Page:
The people that are associated with a demand draft withdrawal procedure are :
Withdrawer: Bank or any other financial institution is to be called the Withdrawer.
Payee: The person from whom the amount is to be sent.
Bill of exchange, issuer and drawee are basically two different branches of the same bank, whereas the payee is a third party to whom the payment is usually made.
Following are the contents of a Cheque :
Drawee's bank and branch name
Date of issue
Drawer's account number
Account type (savings account) bank account or checking account)
Amount (both words and numbers)
Unique check number
Bank's MICR code
Contents of draft request
Draft request contains the following information :
Date of issue
Name of issuing bank and branch
Beneficiary name DD
Payer's bank's MICR code
Amount of payment in words and numbers
Name of bank and city of payee.
Signature of General Manager and Branch Manager.
Following are the types of cheques :
Bearer Cheque: Payment is made to anyone presenting the cheque to the bank
Order Cheque: Payment is made only to the person whose name is specified
Crossed Cheque: A cheque with two transverse parallel lines is made on the face of the cheque
Uncrossed Cheque: An open cheque that is made payable to the person carrying it
Post-Dated Cheque: Cheques that carry a future date for encashment
Stale Cheque: A cheque post-validity, i.e. 3 months
Traveller’s Cheque: Cheque used while visiting a foreign country, due to different currencies
Gift Cheque: Used as gifts or prizes, usually huge in size
Mutilated Cheque: A torn or tattered cheque
Blank cheque: A cheque with only the signature of the owner
Following are the types of Demand Draft :
Sight Demand Draft: This is the type of Demand Draft that is paid on demand, contingent on the submission of specifically requested documents at sight. Which means that the payment can be made only if the recipient has already submitted the required documents and the bank has confirmed that. Then and only then will it be cashed.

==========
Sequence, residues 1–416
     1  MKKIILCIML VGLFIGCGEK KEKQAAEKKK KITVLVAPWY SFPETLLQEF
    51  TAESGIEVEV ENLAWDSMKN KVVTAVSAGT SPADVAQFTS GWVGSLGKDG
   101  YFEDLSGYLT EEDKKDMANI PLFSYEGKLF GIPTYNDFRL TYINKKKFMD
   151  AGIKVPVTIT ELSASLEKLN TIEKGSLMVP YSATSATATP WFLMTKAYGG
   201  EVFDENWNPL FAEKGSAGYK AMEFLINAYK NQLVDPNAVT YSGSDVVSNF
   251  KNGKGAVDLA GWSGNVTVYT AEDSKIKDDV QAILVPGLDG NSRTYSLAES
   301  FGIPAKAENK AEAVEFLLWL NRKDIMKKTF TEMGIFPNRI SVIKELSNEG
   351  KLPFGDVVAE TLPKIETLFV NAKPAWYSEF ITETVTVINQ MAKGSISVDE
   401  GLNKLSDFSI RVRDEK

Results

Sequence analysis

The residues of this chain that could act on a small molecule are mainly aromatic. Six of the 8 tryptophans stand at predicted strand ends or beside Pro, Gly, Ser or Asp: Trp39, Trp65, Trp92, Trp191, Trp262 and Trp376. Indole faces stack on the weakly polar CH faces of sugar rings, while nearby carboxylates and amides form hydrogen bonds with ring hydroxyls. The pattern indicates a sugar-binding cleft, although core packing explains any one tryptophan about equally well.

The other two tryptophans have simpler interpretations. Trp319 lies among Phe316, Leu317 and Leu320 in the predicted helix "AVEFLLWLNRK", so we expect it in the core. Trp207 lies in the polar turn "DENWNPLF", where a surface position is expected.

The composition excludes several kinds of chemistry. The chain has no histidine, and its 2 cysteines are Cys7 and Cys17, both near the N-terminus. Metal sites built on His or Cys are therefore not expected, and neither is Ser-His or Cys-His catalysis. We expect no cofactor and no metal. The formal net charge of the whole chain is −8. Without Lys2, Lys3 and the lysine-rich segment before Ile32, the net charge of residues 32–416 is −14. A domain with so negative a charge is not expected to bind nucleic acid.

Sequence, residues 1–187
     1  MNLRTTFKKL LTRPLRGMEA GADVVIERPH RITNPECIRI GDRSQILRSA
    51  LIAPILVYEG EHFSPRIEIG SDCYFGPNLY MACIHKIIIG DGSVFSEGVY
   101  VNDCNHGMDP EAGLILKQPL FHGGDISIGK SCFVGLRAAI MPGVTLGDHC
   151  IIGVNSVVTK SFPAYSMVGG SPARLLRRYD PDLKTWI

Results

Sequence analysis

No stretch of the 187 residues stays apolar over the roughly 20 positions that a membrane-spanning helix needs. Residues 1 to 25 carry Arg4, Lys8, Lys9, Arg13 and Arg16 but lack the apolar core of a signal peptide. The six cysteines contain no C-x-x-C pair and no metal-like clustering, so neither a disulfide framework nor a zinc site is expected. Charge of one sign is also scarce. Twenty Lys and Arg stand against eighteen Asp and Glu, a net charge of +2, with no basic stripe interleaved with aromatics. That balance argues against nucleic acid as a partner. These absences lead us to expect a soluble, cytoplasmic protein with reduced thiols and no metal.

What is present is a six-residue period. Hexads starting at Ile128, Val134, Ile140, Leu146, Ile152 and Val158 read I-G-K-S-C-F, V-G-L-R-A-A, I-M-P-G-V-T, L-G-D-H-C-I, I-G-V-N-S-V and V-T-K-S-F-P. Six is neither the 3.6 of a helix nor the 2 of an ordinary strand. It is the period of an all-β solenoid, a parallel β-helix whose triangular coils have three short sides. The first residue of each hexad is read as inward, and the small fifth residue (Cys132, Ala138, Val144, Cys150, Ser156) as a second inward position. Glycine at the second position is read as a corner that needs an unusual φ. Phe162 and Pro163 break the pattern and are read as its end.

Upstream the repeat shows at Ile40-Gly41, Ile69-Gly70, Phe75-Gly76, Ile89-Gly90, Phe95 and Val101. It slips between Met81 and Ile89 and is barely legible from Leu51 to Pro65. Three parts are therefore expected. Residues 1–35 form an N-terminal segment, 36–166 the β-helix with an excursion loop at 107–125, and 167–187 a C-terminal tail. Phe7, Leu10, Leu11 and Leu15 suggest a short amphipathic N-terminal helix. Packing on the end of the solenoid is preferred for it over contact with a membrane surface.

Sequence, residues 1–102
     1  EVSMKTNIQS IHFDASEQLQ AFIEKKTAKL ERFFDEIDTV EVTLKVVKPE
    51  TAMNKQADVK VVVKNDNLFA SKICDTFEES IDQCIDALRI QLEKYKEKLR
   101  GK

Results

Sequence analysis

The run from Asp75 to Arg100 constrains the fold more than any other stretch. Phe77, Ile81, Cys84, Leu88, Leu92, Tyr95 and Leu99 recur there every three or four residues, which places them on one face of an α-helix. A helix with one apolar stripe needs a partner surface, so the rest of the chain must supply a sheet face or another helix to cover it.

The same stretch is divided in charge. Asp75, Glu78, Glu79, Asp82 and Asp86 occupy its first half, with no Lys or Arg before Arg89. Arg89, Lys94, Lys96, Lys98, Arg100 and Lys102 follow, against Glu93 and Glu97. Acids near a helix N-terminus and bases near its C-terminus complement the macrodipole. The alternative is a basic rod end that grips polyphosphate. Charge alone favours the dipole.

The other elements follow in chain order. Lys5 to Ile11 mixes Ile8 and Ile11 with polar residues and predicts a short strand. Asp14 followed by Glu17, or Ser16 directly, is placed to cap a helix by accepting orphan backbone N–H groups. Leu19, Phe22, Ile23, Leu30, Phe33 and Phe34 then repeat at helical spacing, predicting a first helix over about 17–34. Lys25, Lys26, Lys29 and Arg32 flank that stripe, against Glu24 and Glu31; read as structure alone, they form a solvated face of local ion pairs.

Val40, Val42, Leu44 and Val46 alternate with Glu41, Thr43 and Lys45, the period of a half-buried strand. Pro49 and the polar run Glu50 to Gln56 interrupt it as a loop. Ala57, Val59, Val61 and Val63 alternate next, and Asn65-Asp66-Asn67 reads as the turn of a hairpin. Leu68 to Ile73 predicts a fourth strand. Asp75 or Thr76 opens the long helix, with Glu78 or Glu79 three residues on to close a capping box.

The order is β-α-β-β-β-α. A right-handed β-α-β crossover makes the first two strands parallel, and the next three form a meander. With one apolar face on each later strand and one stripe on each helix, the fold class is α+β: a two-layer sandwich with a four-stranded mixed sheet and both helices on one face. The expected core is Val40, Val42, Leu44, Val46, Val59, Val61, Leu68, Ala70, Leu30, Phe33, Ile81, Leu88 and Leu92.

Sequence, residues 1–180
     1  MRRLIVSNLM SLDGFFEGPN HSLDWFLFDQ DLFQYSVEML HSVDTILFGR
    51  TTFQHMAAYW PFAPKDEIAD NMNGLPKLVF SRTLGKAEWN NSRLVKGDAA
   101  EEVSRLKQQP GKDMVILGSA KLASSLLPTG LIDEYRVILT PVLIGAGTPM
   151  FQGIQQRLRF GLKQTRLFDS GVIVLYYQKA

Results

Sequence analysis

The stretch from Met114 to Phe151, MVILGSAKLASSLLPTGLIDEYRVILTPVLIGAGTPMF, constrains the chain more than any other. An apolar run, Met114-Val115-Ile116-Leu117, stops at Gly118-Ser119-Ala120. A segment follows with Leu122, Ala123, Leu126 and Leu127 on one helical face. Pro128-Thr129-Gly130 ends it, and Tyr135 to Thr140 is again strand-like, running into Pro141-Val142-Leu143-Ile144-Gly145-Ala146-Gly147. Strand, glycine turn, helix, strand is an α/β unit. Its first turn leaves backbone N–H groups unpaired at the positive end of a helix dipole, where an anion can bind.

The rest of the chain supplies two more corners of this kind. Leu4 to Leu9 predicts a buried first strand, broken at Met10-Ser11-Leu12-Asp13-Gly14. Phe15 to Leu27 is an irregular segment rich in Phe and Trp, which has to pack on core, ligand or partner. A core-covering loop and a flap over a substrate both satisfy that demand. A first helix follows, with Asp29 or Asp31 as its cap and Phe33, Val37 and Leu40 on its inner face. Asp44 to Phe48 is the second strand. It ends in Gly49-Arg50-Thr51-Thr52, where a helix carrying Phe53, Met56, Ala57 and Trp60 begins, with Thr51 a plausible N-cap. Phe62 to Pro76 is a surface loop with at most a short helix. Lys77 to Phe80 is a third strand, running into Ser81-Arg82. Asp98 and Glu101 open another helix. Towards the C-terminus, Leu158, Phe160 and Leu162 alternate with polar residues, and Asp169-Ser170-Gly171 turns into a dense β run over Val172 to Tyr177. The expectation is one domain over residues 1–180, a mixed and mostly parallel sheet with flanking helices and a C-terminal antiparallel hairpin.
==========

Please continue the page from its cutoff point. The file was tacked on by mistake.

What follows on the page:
Therefore, both of these instruments, cheques and demand drafts have their own sets of advantages and disadvantages.
Convenient and easy to handle cheques are available to process more than millions of transactions on a daily basis.
Conversely, if you need to transfer an amount from one place to another or simply desire a guaranteed payment, cheques and demand drafts are your safest bets!
Ans: Banks dishonour cheques due to the following reasons :
Irregular signature of issuer
Modification, that is, amending or overriding
If the cheque is post dated
If the cheque is expired
If payment is stopped
Account is frozen
Ans: A demand draft with two dashes next to each other is a crossed DD. Which is to say that the amount stated in the draft will be directly transferred to your account.
Ans: Following are the contents of a demand draft :
Name of Applicant
Name of Beneficiary Issued
Name of the City of Payment
Name of Branch Issued
Bank Service Fee
Signature of Applicant
Details of the amount that's to be paid.
Ans: A customer of the bank issues the cheque.
Ans: The bank issues the demand drafts in favour of another person or entity and to the applicant